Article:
N.Y. Reins In For-Profit Colleges

Citing scandals, state regents forbid new programs pending a review of regulations and rules.
January 23, 2006

New York State has put a moratorium on the establishment of new programs by for-profit colleges while officials examine perceived abuses and the state’s existing policies to combat them. The step is the latest in a string of actions suggesting that states and other regulators are ratcheting up their scrutiny of, and turning up the heat on, commercial colleges.

The decision by the New York State Board of Regents, which oversees education and accredits institutions to operate in the state, came at the regents' meeting this month during a discussion about a series of problems involving some of the 41 career colleges certified in New York. Last month, state officials imposed enrollment limits on Interboro Institute, which is under state investigation for its admissions practices. In his budget plan this month, Gov. George F. Pataki proposed a set of changes in the state's need-based financial aid program aimed at restricting for-profit colleges from receiving aid for students with insufficient academic preparation.

And last fall, the Queens district attorney charged two former business officers with embezzling more than $800,000 from the Drake Business Schools, which closed in June 2004 amid of sea of regulatory and financial struggles.

(For-profit higher education has also been in the New York consciousness for another reason: the campaign of the state's Republican candidate for governor, William F. Weld, is being damaged by the travails of Decker College, a shuttered for-profit institution in Kentucky that Weld managed for a time. Kentucky officials have charged the college with "deceptive practices.)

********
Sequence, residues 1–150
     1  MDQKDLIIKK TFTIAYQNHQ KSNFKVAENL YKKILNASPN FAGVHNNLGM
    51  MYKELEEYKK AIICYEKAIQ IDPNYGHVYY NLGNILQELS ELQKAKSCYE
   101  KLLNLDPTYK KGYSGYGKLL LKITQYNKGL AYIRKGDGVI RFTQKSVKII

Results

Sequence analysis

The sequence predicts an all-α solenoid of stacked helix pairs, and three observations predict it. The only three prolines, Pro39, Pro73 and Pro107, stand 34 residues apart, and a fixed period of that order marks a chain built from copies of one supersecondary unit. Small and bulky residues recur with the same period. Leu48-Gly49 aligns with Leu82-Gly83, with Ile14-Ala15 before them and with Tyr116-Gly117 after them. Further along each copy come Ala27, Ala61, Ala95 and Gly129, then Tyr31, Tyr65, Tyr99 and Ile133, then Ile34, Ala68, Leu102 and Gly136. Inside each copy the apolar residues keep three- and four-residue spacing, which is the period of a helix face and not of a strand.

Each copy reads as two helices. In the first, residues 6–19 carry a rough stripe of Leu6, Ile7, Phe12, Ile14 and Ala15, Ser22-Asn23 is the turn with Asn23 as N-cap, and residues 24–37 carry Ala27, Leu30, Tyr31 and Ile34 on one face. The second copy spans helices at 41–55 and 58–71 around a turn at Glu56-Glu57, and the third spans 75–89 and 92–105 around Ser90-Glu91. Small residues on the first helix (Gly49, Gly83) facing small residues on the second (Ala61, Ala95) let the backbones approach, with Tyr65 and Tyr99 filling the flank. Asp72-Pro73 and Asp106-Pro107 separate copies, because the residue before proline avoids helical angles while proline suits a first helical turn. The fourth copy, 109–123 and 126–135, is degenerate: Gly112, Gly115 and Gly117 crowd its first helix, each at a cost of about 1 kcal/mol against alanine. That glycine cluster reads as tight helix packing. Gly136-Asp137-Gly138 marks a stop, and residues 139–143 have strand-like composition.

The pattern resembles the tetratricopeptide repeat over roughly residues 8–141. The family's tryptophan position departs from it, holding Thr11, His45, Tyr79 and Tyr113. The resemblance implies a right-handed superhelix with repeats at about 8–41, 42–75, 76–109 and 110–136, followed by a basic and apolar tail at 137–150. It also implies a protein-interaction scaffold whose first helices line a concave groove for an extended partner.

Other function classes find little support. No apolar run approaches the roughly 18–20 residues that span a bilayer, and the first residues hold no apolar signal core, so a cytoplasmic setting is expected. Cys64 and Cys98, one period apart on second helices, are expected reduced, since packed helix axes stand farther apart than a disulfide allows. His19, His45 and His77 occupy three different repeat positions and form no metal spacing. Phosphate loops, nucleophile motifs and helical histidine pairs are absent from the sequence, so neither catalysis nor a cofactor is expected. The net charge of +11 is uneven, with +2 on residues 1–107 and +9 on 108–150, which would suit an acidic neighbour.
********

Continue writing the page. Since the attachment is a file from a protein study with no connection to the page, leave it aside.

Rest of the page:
Given the plethora of problems, the regents accepted a staff recommendation to freeze all new applications from for-profit colleges, deciding that "rather than continue to expand these programs, we ought to just plant ourselves in a way that we can assess truly what's going on," said Merryl H. Tisch, a regent. Tisch said the regents would await a review by the New York State Department of Education on proprietary colleges, to determine whether "these problems are widespread, or are these isolated incidents?"

New York certifies 41 for-profit colleges to offer degrees in the state, and in the fall of 2004, they enrolled nearly 50,000 students, according to the state education department. Students at the institutions receive more than $100 million in funds from the state’s Tuition Assistance Program -- “not small change,” said Saul B. Cohen, another regent.

Tisch said the career colleges are important to "thousands of people in this city who graduate high school and who for one reason or another don't go on to community colleges," and to "immigrants who need to have the ability to come to this city and get prepared for jobs."